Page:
Garden pH

Two common complaints at the ABC Gardener’s Market were ‘my soil pH is too acid’ and ‘my soil pH is too alkaline’. Anyone that grows ornamental or consumable plants should be interested in their soil pH. Too alkaline and plants will struggle for nutrients; too acid and they can both struggle for nutrient and succumb to metal toxicities. Most plants like a pH around 6-7.5, though like all life there are species and varieties that prefer or tolerate different situations.

What can you do about pH?

This is a question that can involve a lot of fluffy answers and ‘it depends’ type scenarios. Not interested in making big changes to your soil? Then use a garden pH test to check a few spots around the place and simply buy plants and varieties that will enjoy what you’ve already got. Remember though, that plants will also have soil texture and light requirements. Get all three mostly right and you should be fine.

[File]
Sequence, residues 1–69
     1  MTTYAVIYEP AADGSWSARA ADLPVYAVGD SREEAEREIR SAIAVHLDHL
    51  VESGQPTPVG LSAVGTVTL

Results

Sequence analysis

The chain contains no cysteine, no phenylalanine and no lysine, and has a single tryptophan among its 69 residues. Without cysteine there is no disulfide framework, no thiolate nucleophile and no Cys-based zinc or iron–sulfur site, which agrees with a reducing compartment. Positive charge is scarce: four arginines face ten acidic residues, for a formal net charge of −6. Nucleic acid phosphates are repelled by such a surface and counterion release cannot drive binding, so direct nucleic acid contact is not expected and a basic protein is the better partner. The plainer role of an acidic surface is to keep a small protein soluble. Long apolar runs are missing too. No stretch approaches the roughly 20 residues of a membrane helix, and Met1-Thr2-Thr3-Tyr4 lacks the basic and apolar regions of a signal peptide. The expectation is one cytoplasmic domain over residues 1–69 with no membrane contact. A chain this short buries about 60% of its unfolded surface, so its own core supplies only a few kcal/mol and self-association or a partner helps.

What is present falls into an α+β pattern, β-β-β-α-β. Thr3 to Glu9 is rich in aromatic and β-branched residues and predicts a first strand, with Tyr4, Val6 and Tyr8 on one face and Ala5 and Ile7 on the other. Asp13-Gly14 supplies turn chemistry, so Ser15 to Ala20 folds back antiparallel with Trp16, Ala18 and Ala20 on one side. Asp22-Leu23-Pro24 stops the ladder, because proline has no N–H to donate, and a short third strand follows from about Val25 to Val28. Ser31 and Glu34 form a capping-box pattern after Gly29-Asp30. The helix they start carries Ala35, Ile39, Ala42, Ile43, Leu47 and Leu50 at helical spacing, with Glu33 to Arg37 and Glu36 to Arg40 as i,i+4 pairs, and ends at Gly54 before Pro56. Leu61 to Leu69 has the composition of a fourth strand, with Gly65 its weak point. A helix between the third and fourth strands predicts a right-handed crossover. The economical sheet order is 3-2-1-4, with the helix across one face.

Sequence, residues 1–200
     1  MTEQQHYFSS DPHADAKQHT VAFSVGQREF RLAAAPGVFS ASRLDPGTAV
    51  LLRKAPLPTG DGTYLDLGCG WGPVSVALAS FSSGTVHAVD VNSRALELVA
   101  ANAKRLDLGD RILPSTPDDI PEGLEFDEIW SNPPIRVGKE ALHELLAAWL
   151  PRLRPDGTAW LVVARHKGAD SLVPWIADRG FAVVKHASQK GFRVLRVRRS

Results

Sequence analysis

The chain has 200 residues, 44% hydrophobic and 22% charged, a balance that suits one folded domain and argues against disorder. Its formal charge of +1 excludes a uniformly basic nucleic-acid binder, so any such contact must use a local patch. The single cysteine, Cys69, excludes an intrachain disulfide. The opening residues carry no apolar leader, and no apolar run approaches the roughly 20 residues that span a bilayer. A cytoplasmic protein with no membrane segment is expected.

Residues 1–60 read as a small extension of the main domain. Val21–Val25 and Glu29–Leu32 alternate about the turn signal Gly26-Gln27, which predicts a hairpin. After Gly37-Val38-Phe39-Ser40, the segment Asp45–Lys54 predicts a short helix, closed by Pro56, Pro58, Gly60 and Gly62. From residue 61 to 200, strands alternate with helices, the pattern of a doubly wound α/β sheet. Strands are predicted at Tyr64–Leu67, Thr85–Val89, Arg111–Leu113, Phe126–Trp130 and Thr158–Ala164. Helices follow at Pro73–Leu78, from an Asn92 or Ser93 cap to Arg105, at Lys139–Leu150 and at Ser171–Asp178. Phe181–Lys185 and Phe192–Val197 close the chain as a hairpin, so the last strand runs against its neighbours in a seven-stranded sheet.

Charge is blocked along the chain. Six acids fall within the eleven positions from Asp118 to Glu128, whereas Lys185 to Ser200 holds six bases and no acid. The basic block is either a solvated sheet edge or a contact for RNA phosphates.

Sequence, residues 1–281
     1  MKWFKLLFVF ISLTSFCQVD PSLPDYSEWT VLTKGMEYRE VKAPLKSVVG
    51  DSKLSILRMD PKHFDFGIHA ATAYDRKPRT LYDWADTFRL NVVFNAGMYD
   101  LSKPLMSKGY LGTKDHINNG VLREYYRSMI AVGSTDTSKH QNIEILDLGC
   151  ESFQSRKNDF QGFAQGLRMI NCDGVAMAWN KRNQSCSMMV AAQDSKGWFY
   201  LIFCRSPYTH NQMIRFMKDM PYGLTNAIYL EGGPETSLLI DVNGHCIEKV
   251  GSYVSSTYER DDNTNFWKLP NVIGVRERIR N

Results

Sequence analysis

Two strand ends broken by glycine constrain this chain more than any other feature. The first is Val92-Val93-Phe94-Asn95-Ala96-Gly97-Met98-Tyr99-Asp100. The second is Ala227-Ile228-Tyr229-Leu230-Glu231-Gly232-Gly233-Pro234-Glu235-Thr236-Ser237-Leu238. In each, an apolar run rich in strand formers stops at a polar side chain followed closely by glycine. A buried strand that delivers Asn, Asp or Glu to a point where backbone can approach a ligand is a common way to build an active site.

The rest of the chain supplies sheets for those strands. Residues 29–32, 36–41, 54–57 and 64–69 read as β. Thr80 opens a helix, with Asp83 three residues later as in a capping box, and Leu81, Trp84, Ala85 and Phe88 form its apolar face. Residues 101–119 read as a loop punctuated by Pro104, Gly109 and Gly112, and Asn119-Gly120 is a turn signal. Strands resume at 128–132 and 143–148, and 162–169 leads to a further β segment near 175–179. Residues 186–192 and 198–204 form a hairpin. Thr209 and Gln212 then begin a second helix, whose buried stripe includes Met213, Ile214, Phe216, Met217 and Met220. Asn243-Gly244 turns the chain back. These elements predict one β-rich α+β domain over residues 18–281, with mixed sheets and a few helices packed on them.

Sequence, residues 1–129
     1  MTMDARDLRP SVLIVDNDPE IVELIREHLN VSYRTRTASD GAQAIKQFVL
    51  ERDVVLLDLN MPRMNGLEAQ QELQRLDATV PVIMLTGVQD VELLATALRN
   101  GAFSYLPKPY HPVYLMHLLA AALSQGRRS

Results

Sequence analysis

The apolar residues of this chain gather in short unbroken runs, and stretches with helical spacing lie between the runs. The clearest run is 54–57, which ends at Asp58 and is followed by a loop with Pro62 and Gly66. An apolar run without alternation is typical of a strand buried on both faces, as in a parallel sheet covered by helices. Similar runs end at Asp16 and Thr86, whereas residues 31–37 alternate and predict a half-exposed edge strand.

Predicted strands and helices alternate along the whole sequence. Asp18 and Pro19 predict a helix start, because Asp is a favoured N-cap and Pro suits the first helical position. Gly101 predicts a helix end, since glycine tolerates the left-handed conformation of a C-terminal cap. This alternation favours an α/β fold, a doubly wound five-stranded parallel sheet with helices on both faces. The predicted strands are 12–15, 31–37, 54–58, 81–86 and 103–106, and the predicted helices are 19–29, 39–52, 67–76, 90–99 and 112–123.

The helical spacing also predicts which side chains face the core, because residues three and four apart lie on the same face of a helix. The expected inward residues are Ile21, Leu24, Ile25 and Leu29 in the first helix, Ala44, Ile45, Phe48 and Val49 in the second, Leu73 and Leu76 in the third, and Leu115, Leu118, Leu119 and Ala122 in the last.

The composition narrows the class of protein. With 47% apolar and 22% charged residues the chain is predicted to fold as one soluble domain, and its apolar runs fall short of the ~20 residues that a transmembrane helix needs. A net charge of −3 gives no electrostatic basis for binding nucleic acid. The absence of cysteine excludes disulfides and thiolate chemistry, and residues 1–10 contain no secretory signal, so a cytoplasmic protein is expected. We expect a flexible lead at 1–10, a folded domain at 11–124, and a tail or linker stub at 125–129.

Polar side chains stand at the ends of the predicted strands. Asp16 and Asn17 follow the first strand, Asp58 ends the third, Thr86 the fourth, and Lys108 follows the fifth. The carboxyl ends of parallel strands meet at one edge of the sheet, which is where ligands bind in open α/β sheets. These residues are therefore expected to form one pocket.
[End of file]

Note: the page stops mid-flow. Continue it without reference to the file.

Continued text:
Have a sandy soil? You can add compost and/or agricultural lime to make it less acid or add garden sulfur to make it less alkaline. In either case, you’ll need to reapply over time as both lime and sulfur are fairly slow to react.

Have a loamy soil? Do the same as with sand, but you’ll need a lot more and it’ll proceed a fair bit slower.

Have a clay soil? Perhaps the best thing you can do is add as much organic matter (compost, etc.) as possible. Clay soils are beautiful when they’re in good condition and a nightmare when they’re degraded. Compacted clay soils might need some mechanical assistance to get a timely response. That means turning the compost into the soil. It’ll be hard work.

Clay soils are a really good case study for prevention being much easier than cure – stay off them when they’re wet, keep things growing, and add as much compost as possible and they’ll be good to go forever.